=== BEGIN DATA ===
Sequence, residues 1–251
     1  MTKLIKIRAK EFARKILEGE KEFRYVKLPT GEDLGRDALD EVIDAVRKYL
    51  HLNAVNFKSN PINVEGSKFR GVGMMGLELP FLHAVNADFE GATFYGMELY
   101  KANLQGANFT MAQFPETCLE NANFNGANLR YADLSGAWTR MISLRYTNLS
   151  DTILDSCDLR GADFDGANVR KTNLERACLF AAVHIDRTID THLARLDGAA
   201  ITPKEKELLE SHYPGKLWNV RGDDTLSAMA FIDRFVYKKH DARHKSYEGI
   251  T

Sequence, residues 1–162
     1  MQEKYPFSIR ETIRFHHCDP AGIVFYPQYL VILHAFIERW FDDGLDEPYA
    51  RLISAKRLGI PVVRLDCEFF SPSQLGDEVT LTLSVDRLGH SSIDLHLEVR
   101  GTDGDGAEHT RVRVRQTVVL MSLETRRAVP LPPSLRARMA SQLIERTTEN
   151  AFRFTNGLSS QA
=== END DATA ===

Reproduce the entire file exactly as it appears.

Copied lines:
Sequence, residues 1–251
     1  MTKLIKIRAK EFARKILEGE KEFRYVKLPT GEDLGRDALD EVIDAVRKYL
    51  HLNAVNFKSN PINVEGSKFR GVGMMGLELP FLHAVNADFE GATFYGMELY
   101  KANLQGANFT MAQFPETCLE NANFNGANLR YADLSGAWTR MISLRYTNLS
   151  DTILDSCDLR GADFDGANVR KTNLERACLF AAVHIDRTID THLARLDGAA
   201  ITPKEKELLE SHYPGKLWNV RGDDTLSAMA FIDRFVYKKH DARHKSYEGI
   251  T

Sequence, residues 1–162
     1  MQEKYPFSIR ETIRFHHCDP AGIVFYPQYL VILHAFIERW FDDGLDEPYA
    51  RLISAKRLGI PVVRLDCEFF SPSQLGDEVT LTLSVDRLGH SSIDLHLEVR
   101  GTDGDGAEHT RVRVRQTVVL MSLETRRAVP LPPSLRARMA SQLIERTTEN
   151  AFRFTNGLSS QA